Native to the Americas, Chile Peppers have been consumed by people for at least 7,500 years, and have been cultivated since 4,000 B.C. Chiles were introduced to the West via Christopher Columbus, who mistakenly called them “peppers” because of their spicy hot flavor. More appreciated than understood by American cooks, Chiles represent to many a whole unexplored continent of flavor and complexity that can only be unlocked through practice and experimentation. This is why we have Chile collections called “Chile Pepper Playgrounds” to encourage cooks to try a myriad of chile flavors in their everyday cooking.

Chiles are best known (in some cases notorious) for the intensity of their heat (“pica” in Spanish). This flavor, produced by the chemical capsaicin, is measured by what is known as a Scoville Heat Unit (SHU). Chiles, however, can range from 2 million to zero HSUs, with the most popular chiles (Ancho, Pasilla, and Guajillo) measuring in the comfortable 1,000 – 4,000 SHU range. Even if you don’t generally like things spicy, the herbal, tangy chile flavor coming from Ancho, Bell Peppers, and Paprika will compliment nearly any dish.

How our Chiles stack up:

Habanero 100,000 – 300,000 SHUs
Bird’s Eye 50,000 – 100,000 SHUs
Chiltepin 50,000 – 100,000 SHUs
Aji Amarillo 30,000 – 50,000 SHUs
Cayenne 30,000 – 50,000 SHUs
Urfa Biber 30,000 – 50,000 SHUs
Calabrian 25,000 – 40,000 SHUs
de Arbol 15,000 – 30,000 SHUs
Chipotle 2,500 – 8,000 SHUs
Jalapeño 2,500 – 8,000 SHUs
Aleppo 2,500 – 5,000 SHUs
Guajillo 2,500 – 5,000 SHUs
Cascabel 1,000 – 3,000 SHUs
Pasilla 1,000 – 3,000 SHUs
Espelette 400 – 4,000 SHUs
New Mexico 800 – 1,400 SHUs
Ancho 250 – 2,000 SHUs
California 500 – 1,000 SHUs

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Bell Pepper, Red


Small flakes that are sweet, colorful, and packed with flavor.  Add to soups, sauces, salads, veggies, casseroles, or any recipe that calls for diced or minced Bell Pepper.  Try in meat loaf, omelets, stir fry, and veggie dips.

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Bird’s Eye Chile Pepper


Small red Chile that packs a punch!  Ranges from 100,000 to 225,000 on the Scoville scale.  Use in soups, salads, stir fries, and curries.

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Cayenne Chile Pepper


Named after the city in French Guiana & popular in the American South, Cayenne Chile delivers a powerful 40,000 – 100,000 Scoville Heat Units with very little added flavor. Use to add heat to any dish.

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de Arbol Chile Pepper


Popular in wreaths and other decorations because they retain a bright red color after drying, the Chile De Arbol (“tree-like” in Spanish) is named for its long, woody stem.  Be sure to wash your hands after handling, since this Chile carries a strong punch.

Use in Salsa and other Southwest and Central American dishes.  De Arbol Chiles are a good substitute for Cayenne, bringing a slightly smoky, crisp Chile flavor.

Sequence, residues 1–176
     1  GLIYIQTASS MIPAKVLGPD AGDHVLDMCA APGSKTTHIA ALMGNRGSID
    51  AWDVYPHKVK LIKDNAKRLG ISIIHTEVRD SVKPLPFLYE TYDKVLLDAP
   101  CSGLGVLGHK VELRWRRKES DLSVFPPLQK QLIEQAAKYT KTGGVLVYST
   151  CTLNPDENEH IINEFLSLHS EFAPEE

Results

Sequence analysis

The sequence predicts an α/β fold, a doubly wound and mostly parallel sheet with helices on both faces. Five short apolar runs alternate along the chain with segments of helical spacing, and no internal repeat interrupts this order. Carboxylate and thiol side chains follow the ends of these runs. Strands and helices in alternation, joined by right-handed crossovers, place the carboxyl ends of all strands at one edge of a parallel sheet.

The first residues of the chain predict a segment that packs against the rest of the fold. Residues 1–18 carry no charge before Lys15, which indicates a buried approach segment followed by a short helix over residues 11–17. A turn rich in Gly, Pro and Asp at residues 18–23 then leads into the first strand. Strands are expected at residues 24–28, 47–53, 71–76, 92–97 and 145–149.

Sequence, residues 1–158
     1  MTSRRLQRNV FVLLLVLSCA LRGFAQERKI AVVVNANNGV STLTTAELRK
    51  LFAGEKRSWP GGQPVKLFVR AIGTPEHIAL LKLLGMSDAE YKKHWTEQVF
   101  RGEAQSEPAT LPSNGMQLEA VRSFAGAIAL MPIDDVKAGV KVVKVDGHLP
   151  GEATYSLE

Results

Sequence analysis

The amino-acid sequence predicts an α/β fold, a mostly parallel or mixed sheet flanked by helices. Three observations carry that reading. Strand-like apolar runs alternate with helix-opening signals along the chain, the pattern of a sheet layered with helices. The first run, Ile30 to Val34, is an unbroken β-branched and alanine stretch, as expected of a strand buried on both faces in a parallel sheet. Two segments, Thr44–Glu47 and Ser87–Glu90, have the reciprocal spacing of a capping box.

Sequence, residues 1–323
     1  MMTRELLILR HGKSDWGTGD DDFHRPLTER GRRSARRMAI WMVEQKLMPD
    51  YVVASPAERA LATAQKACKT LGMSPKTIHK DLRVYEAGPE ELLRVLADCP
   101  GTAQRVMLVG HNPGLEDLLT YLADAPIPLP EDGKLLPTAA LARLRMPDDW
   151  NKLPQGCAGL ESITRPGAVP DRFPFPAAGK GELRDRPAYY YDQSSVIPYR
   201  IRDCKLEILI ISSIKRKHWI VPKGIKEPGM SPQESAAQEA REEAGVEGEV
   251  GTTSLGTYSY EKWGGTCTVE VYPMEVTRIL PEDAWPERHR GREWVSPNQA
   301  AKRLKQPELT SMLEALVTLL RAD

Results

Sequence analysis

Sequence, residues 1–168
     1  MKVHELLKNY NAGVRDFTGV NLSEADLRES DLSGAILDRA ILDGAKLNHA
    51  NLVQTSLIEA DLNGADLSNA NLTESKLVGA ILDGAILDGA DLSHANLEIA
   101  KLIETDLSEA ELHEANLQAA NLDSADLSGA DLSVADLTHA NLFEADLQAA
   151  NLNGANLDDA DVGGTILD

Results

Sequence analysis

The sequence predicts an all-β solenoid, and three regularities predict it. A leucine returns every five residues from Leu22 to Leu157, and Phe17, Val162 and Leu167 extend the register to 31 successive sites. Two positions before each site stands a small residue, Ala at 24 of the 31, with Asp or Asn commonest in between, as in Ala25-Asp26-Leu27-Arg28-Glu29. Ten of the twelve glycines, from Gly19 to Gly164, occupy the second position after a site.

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Guajillo Chile Pepper


The king of Mexican Chiles, Guajillo is the dried version of the mirasol pepper.  Guajillos are large, and have a thick, leathery skin that brings with it more of the spicy, peppery  flavor of the original fruit than most dried chiles.  We stem and partially seed our Guajillos by hand before milling to accentuate the flavorw of the flesh without overpowering heat.

Because of its rich berry flavors, medium heat, and the volcanic terroir of North Central Mexico, Guajillo is used as a base for sauces, as well as ground or made into a paste to flavor meats, primarily chicken.  Guajillo is one of the “holy trinity” of chiles (Ancho, Pasilla, Guajillo) used for moles and other sauces.

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Habanero Chile Pepper


One of the signature flavors of the Yucatan and the Mayan peninsula, Habanero brings an extreme, audacious heat, but an equally audacious signature flavor that cannot be compared to any other chile. Habaneros are Intensely herbal, slightly smoky, with brilliant bursts of intense chile flavors, and will overpower if not paired with other equally strong flavors.  We stem and seed our habaneros before milling to accentuate the chile flavors.

Even if used in very small quantities, the bold flavor of Habanero creates a highlight to any dish.

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Jalapeño Chile Pepper

(Based on 1 review)

Traditionally cultivated in Veracruz, Mexico, this Chile Pepper has also become a favorite of the Southwestern United States.  Not too hot and not too mild, it is delicate in its dried form and should be added to foods for finishing.

Just before serving, add to Southwestern dishes, guacamole, corn bread, salad dressings, eggs, potatoes and vegetables for a little kick.  It will lose its flavor and heat if added too early in the cooking process.

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Salt blend featuring coastal herb flavors with bright aromatics united with four fiery Chiles. Rub on proteins before grilling or add to veggies in a stir fry. Also great for smoking pork.


Hand blended in small batches with: sea salt, Chiles, basil, savory, fennel, marjoram, rosemary, thyme, bay, mint and sage.

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Sprinkle on deviled eggs, fish, seafood, and salads, or use to add color and mild spice to sauces, stews, grains, and marinades.  Color and flavor are released upon heating.

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Paprika, Smoked

(Based on 3 reviews)

Sweet, rich and smoky, our Smoked Paprika is made in the style of Spanish Pimenton, with a bright, tangy flavor, followed by complex smoky tones. Use in paella, soups, and stews for a deep woodsy flavor.

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